Willem Einthoven

(1860—1927) Dutch physiologist

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(1860–1927) Dutch physiologist Einthoven, the son of a physician, was born at Semarang on the Indonesian island of Java and educated at the University of Utrecht in the Netherlands, where he gained his MD in 1885. In the following year he moved to Leiden as professor of physiology.

As early as 1887 the English physiologist Augustus Waller had recorded electric currents generated by the heart. He had used the capillary electrometer invented by Gabriel Lippmann in 1873, which – although sensitive to changes of a millivolt – turned out to be too complicated and inaccurate for general use. In 1901 Einthoven first described a recording system using a string galvanometer, which he claimed would overcome the inadequacies of Waller's device.

A string galvanometer consists of a fine wire thread stretched between the poles of a magnet. When carrying a current it is displaced at right angles to the directions of the magnetic lines of force to an extent proportional to the strength of the current. By linking this up to an optical system the movement of the wire can be magnified and photographically recorded. As the differences in potential developed in the heart are conducted to different parts of the body it was possible to lead the current from the hands and feet to the recording instrument to obtain a curve that was later called an electrocardiogram (ECG).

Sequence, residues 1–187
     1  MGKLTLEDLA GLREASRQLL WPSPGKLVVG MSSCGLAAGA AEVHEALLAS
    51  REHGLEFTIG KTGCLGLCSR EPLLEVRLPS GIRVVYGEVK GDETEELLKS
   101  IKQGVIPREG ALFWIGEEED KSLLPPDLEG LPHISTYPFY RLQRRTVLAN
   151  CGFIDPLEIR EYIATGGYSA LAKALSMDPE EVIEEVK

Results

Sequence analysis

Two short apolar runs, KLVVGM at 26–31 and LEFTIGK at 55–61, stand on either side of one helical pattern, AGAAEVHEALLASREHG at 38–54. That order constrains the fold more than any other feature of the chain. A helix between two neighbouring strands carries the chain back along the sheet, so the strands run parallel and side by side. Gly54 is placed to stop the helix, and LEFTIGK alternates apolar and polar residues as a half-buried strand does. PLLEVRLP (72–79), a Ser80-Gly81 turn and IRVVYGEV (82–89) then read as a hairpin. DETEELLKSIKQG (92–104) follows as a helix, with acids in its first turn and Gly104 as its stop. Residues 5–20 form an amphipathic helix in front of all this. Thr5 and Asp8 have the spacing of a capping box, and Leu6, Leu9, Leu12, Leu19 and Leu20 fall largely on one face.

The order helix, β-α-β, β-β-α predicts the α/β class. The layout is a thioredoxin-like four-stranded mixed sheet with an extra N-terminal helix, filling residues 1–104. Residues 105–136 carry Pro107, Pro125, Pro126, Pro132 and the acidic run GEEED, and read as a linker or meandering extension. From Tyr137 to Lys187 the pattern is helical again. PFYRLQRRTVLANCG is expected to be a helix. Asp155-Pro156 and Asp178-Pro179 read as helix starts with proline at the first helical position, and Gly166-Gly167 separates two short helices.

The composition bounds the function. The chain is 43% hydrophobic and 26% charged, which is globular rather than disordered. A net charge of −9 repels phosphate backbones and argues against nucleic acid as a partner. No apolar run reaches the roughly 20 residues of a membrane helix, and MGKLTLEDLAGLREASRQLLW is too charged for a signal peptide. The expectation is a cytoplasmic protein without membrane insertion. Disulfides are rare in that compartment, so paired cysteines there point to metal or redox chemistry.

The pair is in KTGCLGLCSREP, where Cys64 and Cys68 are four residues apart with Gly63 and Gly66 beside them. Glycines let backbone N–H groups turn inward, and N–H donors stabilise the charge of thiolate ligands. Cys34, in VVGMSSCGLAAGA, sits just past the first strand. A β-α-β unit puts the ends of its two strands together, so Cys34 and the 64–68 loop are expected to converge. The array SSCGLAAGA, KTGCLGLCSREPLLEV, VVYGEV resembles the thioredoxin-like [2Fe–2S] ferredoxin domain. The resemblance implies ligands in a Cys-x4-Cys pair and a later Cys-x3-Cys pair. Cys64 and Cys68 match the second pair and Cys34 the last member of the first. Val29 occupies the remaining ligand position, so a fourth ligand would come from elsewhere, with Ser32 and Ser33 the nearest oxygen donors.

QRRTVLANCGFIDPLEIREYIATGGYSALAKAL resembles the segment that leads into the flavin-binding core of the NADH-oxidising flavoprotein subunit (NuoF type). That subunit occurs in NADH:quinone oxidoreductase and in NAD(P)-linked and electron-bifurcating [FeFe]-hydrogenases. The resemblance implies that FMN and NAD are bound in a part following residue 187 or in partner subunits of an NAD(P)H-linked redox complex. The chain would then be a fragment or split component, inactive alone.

Having demonstrated the potentiality of such a machine, two further problems needed solution. Einthoven first had to standardize his ECG so that different machines or two recordings of the same machine would produce comparable readings. It was therefore later established that a 1 millivolt potential would deflect a recording stylus 1 centimeter on standardized paper. The second problem was how to interpret such a curve in order to distinguish normal readings from recordings of diseased hearts. By 1913 Einthoven had worked out the interpretation of the normal tracing and, by correlating abnormal readings with specific cardiac defects identified at post mortem, was able to use the ECG as a diagnostic tool.

For his development of the electrocardiogram Einthoven was awarded the 1924 Nobel Prize for physiology or medicine.

From A Dictionary of Scientists in Oxford Reference.

Subjects: Science and Mathematics.